Last but not least, let’s take a look at the two Roman gates that you might have already encountered by accident while wandering in this beautiful city.
4. Porta Leoni and Porta Borsari
The pictures shown above are of the Leoni Gate (the 1st pic) and of the Borsari Gate (the 2nd and 3rd pics) and the former is located close to Juliet’s House while the latter close to the basilica of St. Lorenzo.
As for Porta Leoni, remains of the late-Roman-Republic gate (50/40 B.C.), originally a brick construction with towers at the corners and a central courtyard, can still be seen nowadays. Between 50 and 70 A.D. two new stone façades were built up against the gate’s north and south fronts. The partially demolished city walls were replaced in 265 A.D. by a new circuit built by the emperor Gallienus. What’s in front of you is the reconstruction of the north façade in the middle of the 1st century A.D. and behind it are the remains of original late-Roman-Republic gate. I think it won’t be difficult to notice the arch of it as the color difference between it and the reconstruction is quite big. As for the most ancient gate (built in the middle of the 1st century B.C.) there should have been two arches on the ground floor, a series of small windows on the first floor and a large loggia on the second floor .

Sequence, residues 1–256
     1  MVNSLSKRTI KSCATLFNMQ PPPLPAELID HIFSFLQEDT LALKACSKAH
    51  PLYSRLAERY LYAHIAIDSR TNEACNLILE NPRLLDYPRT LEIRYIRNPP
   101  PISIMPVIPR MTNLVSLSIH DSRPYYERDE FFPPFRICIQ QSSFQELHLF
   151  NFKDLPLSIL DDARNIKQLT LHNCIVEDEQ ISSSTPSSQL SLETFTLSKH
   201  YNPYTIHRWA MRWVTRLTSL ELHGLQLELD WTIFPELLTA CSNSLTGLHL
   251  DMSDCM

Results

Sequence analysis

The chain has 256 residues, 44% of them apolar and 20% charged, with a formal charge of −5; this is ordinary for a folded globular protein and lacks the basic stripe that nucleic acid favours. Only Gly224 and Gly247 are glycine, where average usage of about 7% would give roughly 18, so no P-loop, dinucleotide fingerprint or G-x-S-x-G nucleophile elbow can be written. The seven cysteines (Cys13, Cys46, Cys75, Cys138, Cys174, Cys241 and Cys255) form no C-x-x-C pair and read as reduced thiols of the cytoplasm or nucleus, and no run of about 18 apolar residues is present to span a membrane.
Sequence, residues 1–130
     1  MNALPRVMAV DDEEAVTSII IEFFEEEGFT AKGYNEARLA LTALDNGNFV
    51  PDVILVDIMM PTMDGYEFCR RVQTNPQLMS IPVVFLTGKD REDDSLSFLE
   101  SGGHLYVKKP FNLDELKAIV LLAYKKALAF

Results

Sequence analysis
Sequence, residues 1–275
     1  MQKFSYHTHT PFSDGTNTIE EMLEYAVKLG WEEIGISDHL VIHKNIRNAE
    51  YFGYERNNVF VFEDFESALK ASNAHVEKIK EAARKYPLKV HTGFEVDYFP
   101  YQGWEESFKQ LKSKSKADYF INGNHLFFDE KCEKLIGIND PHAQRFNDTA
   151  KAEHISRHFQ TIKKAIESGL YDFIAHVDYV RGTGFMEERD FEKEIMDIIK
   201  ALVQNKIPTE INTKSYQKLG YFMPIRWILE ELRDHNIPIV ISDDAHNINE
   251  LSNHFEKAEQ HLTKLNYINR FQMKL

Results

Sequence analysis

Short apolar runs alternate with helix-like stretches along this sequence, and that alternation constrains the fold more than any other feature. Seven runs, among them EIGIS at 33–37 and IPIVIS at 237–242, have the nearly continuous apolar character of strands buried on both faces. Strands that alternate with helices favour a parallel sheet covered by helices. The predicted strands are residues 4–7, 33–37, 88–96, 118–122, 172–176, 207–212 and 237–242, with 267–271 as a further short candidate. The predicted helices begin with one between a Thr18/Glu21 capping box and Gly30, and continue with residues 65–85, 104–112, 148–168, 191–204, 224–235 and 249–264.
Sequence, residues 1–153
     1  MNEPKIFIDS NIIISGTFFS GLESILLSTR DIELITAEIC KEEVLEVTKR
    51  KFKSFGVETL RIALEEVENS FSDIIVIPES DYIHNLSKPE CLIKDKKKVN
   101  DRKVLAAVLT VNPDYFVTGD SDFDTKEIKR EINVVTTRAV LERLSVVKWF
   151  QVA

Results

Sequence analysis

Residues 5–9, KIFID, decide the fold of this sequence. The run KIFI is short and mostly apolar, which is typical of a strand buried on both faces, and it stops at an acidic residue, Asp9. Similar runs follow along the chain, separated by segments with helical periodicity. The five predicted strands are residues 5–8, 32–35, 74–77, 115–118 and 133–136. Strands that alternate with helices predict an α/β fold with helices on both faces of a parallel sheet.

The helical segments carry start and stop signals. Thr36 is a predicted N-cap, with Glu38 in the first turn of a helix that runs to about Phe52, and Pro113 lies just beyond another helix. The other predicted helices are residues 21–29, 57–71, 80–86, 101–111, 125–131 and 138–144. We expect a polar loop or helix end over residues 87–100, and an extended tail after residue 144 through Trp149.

The other gate, Porta Borsari, of which the original Roman Republic structure was almost identical in typology to Gate Leoni, was once another main entrance to the city. It dates to the 1st century AD, though it was most likely built over a pre-existing gate from the 1st century BC (now its has disappeared). An inscription dating from emperor Gallienus’ reign reports another reconstruction in 265 AD.
Having learnt so much about Roman Verona, do you agree with me now that Verona is indeed a city with rich historical and cultural heritage? No wonder sometimes it is even ranked as the second most important city (after Rome) in Italy in terms of the quantity and quality of Roman remains. In the next post, let’s follow the river of history and start exploring Verona in Medieval and Renaissance periods. What’s especially interesting to you might be Castelvecchio & Museum, the Lamberti Tower, Piazza delle Erbe, Piazza dei Signori and most importantly, the panorama viewpoint in front of the San Pietro Castle.